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Mean absolute deviation

Mean absolute deviation Bimbel Jakarta Timur BJTV.eu


 


Mean absolute deviation (MAD) is a measure of how spread out a set of values is. It is calculated by finding the absolute differences between each value in the set and the mean of the set, then taking the average of those absolute differences.

The formula for calculating MAD is:

=1=1ˉ

Where:

  • is the mean absolute deviation.
  • is the number of values in the set.
  • represents each individual value in the set.
  • ˉ is the mean (average) of the set.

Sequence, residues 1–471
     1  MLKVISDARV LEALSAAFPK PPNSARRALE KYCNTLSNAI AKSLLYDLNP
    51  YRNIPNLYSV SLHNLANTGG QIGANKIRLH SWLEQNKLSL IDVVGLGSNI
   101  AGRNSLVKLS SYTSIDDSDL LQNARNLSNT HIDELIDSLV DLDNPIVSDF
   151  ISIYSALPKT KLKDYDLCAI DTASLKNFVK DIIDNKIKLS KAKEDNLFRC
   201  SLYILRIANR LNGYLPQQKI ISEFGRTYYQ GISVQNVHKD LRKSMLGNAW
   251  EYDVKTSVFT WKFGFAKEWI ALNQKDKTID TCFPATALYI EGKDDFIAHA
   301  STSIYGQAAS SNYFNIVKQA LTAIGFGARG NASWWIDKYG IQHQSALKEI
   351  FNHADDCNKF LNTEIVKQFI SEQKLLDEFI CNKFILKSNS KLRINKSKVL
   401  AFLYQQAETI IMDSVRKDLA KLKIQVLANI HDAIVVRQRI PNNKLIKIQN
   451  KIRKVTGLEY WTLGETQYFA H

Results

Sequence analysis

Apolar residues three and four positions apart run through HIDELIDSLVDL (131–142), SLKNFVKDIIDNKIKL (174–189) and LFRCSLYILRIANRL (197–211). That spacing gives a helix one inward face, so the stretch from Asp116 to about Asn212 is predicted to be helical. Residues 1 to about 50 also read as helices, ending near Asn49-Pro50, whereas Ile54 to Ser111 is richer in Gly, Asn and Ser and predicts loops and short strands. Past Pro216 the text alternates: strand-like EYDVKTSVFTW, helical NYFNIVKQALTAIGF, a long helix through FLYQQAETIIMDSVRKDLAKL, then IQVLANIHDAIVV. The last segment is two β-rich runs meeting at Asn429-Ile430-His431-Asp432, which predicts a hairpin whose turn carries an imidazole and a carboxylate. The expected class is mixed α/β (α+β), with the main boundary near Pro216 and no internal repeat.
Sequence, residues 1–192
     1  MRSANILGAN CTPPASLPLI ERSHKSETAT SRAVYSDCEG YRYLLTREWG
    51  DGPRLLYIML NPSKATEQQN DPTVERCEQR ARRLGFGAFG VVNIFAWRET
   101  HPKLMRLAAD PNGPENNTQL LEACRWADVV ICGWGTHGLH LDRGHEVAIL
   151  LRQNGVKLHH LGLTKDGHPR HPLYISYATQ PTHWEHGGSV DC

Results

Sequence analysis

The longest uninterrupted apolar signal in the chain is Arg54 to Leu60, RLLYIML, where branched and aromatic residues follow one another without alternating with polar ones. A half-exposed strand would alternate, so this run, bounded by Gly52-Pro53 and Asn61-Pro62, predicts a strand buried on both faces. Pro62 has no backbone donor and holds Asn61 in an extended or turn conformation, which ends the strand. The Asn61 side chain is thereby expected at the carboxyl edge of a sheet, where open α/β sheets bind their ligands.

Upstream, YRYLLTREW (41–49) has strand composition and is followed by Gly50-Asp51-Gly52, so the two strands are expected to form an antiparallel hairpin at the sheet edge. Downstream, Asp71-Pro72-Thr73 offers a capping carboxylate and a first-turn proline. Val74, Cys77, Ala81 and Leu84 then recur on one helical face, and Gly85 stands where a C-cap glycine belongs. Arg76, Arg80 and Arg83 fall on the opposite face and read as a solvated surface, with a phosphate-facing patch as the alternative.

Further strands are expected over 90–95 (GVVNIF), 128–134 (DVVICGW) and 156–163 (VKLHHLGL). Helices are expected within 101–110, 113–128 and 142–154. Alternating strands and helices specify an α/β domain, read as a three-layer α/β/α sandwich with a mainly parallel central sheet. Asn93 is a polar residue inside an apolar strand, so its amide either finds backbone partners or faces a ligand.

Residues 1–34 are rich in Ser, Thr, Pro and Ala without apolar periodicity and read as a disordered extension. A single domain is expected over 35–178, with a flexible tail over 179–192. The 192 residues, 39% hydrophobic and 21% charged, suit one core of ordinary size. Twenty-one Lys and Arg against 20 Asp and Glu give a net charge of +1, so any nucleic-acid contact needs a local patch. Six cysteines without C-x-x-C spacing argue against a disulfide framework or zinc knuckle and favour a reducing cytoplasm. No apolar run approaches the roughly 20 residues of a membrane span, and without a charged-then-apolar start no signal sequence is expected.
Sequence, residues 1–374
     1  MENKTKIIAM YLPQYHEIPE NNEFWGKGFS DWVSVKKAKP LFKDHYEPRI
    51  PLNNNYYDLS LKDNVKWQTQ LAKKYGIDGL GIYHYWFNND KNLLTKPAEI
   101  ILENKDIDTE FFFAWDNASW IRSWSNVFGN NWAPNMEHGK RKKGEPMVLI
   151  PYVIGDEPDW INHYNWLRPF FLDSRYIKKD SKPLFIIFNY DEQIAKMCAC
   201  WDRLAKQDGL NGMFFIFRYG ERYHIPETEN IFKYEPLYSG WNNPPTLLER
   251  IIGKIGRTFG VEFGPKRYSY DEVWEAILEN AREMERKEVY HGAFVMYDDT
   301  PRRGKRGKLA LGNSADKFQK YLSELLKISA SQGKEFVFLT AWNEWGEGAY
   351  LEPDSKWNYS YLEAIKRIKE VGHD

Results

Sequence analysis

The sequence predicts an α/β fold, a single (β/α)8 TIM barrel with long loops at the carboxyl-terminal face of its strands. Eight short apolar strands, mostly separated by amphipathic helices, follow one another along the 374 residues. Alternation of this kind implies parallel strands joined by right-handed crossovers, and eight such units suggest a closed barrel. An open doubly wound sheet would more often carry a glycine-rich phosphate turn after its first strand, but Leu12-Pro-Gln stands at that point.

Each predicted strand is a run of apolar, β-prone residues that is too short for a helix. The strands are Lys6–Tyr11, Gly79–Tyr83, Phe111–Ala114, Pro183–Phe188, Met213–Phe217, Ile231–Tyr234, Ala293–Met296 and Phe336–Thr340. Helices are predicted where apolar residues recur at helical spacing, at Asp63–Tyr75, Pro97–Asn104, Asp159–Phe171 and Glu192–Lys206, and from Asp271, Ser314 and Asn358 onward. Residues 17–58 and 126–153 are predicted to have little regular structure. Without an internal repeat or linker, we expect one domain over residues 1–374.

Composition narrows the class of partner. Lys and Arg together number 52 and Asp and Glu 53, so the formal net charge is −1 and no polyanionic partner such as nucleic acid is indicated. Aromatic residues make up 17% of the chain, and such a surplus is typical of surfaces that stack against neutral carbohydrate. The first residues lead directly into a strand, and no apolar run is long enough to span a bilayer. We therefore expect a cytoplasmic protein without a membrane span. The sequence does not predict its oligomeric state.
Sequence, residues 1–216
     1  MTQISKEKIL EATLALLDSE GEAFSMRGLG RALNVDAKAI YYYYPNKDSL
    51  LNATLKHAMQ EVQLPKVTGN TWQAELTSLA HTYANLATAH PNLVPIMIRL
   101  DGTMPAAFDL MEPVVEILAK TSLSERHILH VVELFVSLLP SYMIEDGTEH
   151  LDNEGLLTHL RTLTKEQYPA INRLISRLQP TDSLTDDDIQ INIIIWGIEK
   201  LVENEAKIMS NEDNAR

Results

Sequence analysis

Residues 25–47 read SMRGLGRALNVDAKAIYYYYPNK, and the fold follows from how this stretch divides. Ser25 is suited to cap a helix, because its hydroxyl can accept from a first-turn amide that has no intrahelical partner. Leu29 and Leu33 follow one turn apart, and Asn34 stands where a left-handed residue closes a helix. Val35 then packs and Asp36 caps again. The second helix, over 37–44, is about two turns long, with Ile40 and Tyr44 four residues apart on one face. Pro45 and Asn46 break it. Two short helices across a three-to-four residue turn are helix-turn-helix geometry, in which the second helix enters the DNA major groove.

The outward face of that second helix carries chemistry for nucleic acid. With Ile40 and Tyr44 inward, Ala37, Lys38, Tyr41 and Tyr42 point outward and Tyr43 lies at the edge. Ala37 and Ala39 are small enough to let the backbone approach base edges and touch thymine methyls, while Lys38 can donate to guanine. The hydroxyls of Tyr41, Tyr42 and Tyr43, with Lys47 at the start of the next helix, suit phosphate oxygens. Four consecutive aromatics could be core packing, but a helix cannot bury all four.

Here's a step-by-step example of how to calculate MAD:

  1. Let's say we have a set of numbers: {10, 12, 15, 18, 20}.
  2. First, find the mean of the set: ˉ=10+12+15+18+205=755=15
  3. Next, calculate the absolute differences between each value and the mean:
    • Absolute difference for 10: 1015=5
    • Absolute difference for 12: 1215=3
    • Absolute difference for 15: 1515=0
    • Absolute difference for 18: 1815=3
    • Absolute difference for 20: 2015=5
  4. Add up these absolute differences: 5+3+0+3+5=16
  5. Finally, divide this sum by the number of values in the set to get the mean absolute deviation: =165=3.2

So, the mean absolute deviation for the set {10, 12, 15, 18, 20} is 3.2. This value gives us an idea of how much the individual values in the set deviate from the mean on average.



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